Dermatologist

The skin is the largest organ of the human body. It’s the most visible one, too. Physicians who specialize in this most public part of the human anatomy are called dermatologists.

A dermatologist specializes in diagnosing and treating ailments of the skin and the smaller units that are part of it, such as hair, sweat glands, and pores. Proper personal and medical care of the skin is not just a cosmetic concern; it can be life threatening as well.

During the course of a normal life, the condition of the skin is likely to change due to hormonal shifts associated with the processes of maturing and aging. Puberty, pregnancy, and menopause produce the biggest hormone-influenced changes in the skin but anybody can experience change at any time in life.

Infants and small children sometimes have issues with the skin that call for consultation and treatment from a pediatric dermatologist, a doctor trained to understand the skin of children.

Puberty often brings acne along with hormonal shifts. At this phase of life, a dermatologist can help ease the embarrassment associated with this unsightly but rarely serious skin condition. Acne isn’t limited to puberty, however, and older adults may experience a sudden eruption that may need medical attention, too.

The aging process brings skin changes for both men and women. Sometimes the care of a dermatologist is needed to minimize discomfort caused by excessive dry skin, to minimize the appearance of wrinkling, and to repair damage caused by a lifetime of exposure to the damaging effects of too much sun.

A dermatologist specializing in cosmetic issues can help with the normal effects of the aging process or repair damage done by illness or injury.

Many internal diseases produce changes in the skin, at any stage of life, and a dermatologist may be needed, in addition to treatment from other medical specialists.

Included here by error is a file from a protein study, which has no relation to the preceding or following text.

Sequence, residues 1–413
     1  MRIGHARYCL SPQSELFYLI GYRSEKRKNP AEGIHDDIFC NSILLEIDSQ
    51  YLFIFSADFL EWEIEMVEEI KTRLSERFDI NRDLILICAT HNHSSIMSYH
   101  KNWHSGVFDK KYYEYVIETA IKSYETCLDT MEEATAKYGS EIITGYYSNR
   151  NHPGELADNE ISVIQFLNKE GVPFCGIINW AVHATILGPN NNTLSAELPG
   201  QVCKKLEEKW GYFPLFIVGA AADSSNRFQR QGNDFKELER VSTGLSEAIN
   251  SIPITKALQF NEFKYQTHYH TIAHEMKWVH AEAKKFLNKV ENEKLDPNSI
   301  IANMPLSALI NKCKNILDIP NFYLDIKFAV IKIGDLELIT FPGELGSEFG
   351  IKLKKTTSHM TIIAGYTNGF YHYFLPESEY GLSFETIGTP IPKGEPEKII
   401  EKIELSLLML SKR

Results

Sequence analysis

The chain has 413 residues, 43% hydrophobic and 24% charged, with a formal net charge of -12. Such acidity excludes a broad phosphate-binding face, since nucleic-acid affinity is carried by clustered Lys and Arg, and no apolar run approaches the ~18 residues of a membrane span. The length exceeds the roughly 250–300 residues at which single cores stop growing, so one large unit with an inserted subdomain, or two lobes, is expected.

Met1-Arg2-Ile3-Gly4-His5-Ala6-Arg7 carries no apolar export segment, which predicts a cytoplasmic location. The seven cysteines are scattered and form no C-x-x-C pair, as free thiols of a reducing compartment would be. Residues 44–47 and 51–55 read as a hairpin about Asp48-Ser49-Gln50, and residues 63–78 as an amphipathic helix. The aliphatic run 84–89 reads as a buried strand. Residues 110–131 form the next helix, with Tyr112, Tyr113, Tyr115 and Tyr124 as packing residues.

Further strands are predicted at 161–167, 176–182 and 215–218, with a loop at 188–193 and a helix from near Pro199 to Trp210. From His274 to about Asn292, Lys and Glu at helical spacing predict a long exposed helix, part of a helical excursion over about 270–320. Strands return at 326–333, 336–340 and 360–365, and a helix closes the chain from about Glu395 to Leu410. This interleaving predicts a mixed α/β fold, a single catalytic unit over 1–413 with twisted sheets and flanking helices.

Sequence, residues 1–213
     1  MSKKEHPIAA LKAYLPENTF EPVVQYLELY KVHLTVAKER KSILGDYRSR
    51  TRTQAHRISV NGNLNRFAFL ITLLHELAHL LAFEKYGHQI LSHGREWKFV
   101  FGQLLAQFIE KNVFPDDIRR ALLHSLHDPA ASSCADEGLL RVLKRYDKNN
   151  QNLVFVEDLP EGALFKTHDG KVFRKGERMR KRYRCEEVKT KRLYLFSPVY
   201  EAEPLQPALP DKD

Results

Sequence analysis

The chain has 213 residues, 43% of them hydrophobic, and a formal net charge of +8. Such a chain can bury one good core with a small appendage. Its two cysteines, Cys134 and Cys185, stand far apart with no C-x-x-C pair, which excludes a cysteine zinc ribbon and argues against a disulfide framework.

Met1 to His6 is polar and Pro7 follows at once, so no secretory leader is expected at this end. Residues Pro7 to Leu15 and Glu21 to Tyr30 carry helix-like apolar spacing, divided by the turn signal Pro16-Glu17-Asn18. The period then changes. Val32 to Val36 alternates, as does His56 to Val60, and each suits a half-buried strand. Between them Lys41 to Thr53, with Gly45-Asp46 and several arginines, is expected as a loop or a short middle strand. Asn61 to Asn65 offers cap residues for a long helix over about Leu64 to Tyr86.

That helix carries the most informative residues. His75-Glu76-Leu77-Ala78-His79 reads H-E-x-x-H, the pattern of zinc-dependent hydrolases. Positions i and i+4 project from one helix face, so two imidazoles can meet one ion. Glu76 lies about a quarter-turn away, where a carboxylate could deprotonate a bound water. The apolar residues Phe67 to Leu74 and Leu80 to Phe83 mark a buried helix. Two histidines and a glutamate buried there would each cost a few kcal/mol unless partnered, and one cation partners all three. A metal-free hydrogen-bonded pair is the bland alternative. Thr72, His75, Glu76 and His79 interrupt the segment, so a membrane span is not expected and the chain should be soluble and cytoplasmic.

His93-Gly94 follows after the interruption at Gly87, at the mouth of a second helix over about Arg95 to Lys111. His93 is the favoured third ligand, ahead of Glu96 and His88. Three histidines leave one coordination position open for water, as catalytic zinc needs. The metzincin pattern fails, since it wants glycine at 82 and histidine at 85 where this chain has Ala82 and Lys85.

Some diseases specifically target the skin and a dermatologist is needed to treat these conditions. Skin cancer is common in people who spend a great deal of time outdoors but other conditions target the skin, too, including autoimmune diseases, allergies, and problems with veins near the surface of the skin.

Perhaps because it is the organ we see every day, we tend to take it for granted. Like our other organs, though, it is a highly complex part of our bodies that, fortunately, is easy to see. Changes, which often signal internal distress, can be quickly spotted and treated and our dermatologist will let us know if further medical attention is required.

Latest Article: Optic Nerve

All vision relies on the optic nerve and its ability to relay the images our eyes detect to our brains for processing.  There are twelve paired nerves that relay information from the body to the brain and the optic nerve is the second pair of this twelve.  Thus, it is frequently referred to as cranial nerve II. The optic nerve is a part of the body's central nervous system.  As...

Related Articles: